Wednesday, 29 August 2012

Opening up: visiting Burma at a time of change

A stall selling Aung San Suu Kyi t-shirts at Bogyoke market
© Andy Brown/Burma 2012
While Aung San Suu Kyi was visiting London for the first time in 24 years, I was in Rangoon, Burma (also known as Yangon, Myanmar). It was a fascinating time to visit, with the country just starting to open up politically and economically. On the drive from the airport to the hotel, I passed several street vendors openly selling t-shirts of ‘The Lady’, an activity which two years previously would have landed them in jail.

Although it’s less than 600km from Bangkok, Rangoon could be a different world, or at least a different time. Most people – both men and women – still wear the traditional longhi, a sarong-like wrap-around skirt made from a tube of fabric that you step into. Women and children also covered their cheeks, nose and forehead in coloured chalk. Initially I assumed this had cultural or religious significance, but I was wrong. “It’s actually cosmetic,” my colleague Ye Lwin explained.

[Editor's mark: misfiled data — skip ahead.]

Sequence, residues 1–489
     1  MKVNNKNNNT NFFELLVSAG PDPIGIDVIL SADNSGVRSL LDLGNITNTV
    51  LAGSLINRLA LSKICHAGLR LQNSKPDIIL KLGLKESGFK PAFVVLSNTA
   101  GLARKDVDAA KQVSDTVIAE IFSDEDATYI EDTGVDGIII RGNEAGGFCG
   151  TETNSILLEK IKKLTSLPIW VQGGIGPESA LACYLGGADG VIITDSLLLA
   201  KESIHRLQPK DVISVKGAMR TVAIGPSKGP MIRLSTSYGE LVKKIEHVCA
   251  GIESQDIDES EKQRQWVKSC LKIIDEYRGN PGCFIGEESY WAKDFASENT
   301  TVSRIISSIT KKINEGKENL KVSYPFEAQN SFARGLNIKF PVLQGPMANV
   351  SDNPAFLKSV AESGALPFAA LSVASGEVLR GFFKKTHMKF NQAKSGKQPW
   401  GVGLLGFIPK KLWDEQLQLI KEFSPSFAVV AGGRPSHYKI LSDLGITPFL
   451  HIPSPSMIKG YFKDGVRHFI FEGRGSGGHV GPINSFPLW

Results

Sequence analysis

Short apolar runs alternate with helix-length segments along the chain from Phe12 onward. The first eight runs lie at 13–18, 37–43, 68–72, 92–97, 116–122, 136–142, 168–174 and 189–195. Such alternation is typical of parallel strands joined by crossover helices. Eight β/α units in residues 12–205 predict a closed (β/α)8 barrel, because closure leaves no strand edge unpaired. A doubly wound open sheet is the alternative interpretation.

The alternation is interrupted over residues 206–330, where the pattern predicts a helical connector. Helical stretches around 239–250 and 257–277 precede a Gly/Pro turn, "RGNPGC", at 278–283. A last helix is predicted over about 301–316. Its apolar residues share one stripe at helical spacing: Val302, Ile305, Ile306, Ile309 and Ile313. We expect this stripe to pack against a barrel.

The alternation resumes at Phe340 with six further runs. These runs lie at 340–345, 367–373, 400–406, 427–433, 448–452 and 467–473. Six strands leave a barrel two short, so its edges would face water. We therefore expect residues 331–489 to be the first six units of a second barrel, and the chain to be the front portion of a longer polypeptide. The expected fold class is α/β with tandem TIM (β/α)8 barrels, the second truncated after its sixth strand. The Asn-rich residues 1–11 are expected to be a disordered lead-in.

The only vehicles on the roads of Rangoon were cars, most of them ageing and some literally falling apart, giving the streets a very different feel to other South East Asian capitals where the motorbike is king. They were banned here a few years back, allegedly after one crashed into a politician’s car. Rangoon was also very green with plentiful parks and gardens, a pleasant change to the concrete overload of Bangkok.